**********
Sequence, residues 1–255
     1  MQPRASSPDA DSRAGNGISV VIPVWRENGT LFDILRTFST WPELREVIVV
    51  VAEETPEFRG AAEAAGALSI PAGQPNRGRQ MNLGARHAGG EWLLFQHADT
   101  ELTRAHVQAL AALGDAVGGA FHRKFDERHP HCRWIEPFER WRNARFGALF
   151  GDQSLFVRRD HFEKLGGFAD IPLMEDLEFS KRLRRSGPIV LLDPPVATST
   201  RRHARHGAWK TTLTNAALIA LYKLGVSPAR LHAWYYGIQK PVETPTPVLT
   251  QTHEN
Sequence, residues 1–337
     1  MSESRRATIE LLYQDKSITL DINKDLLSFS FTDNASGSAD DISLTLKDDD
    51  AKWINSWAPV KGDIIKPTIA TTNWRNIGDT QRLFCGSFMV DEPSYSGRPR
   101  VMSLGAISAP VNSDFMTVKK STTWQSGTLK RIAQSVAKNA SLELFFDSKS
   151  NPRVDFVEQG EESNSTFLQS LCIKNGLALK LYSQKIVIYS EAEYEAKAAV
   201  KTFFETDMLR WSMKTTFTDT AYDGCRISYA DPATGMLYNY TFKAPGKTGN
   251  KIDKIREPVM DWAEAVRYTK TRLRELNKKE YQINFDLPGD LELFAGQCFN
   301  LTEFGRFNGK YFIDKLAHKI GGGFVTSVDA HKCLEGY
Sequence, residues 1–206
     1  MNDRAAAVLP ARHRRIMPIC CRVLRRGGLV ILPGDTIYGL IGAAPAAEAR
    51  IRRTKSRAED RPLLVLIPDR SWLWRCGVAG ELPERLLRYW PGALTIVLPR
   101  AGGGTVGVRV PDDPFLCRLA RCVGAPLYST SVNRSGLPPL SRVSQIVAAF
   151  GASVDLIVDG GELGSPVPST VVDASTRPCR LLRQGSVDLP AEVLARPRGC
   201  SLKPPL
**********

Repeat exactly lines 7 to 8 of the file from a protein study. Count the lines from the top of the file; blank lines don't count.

   251  QTHEN
Sequence, residues 1–337